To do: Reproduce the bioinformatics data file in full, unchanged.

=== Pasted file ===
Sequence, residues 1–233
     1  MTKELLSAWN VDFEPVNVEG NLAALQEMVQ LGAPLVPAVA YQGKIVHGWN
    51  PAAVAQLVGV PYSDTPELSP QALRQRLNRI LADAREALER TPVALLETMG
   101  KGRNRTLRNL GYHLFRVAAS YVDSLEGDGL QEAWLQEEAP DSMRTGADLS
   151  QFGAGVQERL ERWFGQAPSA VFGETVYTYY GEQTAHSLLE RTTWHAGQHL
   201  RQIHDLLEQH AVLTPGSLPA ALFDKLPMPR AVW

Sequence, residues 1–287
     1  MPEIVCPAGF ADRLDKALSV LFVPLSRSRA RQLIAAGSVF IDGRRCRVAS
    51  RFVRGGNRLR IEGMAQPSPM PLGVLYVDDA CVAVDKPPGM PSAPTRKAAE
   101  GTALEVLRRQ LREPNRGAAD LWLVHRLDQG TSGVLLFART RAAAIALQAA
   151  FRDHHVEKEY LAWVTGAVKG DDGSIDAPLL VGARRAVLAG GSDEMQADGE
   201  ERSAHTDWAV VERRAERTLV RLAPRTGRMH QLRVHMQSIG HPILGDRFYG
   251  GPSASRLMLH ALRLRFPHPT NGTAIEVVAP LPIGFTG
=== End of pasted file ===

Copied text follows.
Sequence, residues 1–233
     1  MTKELLSAWN VDFEPVNVEG NLAALQEMVQ LGAPLVPAVA YQGKIVHGWN
    51  PAAVAQLVGV PYSDTPELSP QALRQRLNRI LADAREALER TPVALLETMG
   101  KGRNRTLRNL GYHLFRVAAS YVDSLEGDGL QEAWLQEEAP DSMRTGADLS
   151  QFGAGVQERL ERWFGQAPSA VFGETVYTYY GEQTAHSLLE RTTWHAGQHL
   201  RQIHDLLEQH AVLTPGSLPA ALFDKLPMPR AVW

Sequence, residues 1–287
     1  MPEIVCPAGF ADRLDKALSV LFVPLSRSRA RQLIAAGSVF IDGRRCRVAS
    51  RFVRGGNRLR IEGMAQPSPM PLGVLYVDDA CVAVDKPPGM PSAPTRKAAE
   101  GTALEVLRRQ LREPNRGAAD LWLVHRLDQG TSGVLLFART RAAAIALQAA
   151  FRDHHVEKEY LAWVTGAVKG DDGSIDAPLL VGARRAVLAG GSDEMQADGE
   201  ERSAHTDWAV VERRAERTLV RLAPRTGRMH QLRVHMQSIG HPILGDRFYG
   251  GPSASRLMLH ALRLRFPHPT NGTAIEVVAP LPIGFTG